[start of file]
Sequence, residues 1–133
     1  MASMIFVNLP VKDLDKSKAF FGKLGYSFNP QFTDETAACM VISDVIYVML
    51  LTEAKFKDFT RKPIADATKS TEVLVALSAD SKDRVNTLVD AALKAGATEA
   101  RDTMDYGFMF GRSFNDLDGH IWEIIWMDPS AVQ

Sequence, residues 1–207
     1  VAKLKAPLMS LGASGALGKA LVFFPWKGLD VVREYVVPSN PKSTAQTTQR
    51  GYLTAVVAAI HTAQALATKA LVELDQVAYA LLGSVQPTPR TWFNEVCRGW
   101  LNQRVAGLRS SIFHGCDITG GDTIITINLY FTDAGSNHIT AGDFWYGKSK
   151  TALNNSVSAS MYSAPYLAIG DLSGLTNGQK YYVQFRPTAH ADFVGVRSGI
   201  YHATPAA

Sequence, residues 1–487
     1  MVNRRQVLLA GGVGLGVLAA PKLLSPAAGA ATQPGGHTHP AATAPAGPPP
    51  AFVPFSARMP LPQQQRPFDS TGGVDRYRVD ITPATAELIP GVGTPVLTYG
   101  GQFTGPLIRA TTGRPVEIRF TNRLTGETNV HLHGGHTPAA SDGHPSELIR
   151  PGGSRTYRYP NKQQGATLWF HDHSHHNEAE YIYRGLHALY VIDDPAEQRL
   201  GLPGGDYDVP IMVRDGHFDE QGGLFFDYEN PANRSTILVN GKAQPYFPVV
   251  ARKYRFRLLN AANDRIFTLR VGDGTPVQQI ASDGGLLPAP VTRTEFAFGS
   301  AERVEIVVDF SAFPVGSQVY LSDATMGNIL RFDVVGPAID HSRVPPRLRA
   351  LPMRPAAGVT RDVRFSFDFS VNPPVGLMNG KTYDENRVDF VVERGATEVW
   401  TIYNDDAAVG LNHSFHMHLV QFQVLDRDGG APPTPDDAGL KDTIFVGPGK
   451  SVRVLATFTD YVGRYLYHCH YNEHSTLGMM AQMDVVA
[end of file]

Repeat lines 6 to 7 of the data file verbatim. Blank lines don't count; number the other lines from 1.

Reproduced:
     1  VAKLKAPLMS LGASGALGKA LVFFPWKGLD VVREYVVPSN PKSTAQTTQR
    51  GYLTAVVAAI HTAQALATKA LVELDQVAYA LLGSVQPTPR TWFNEVCRGW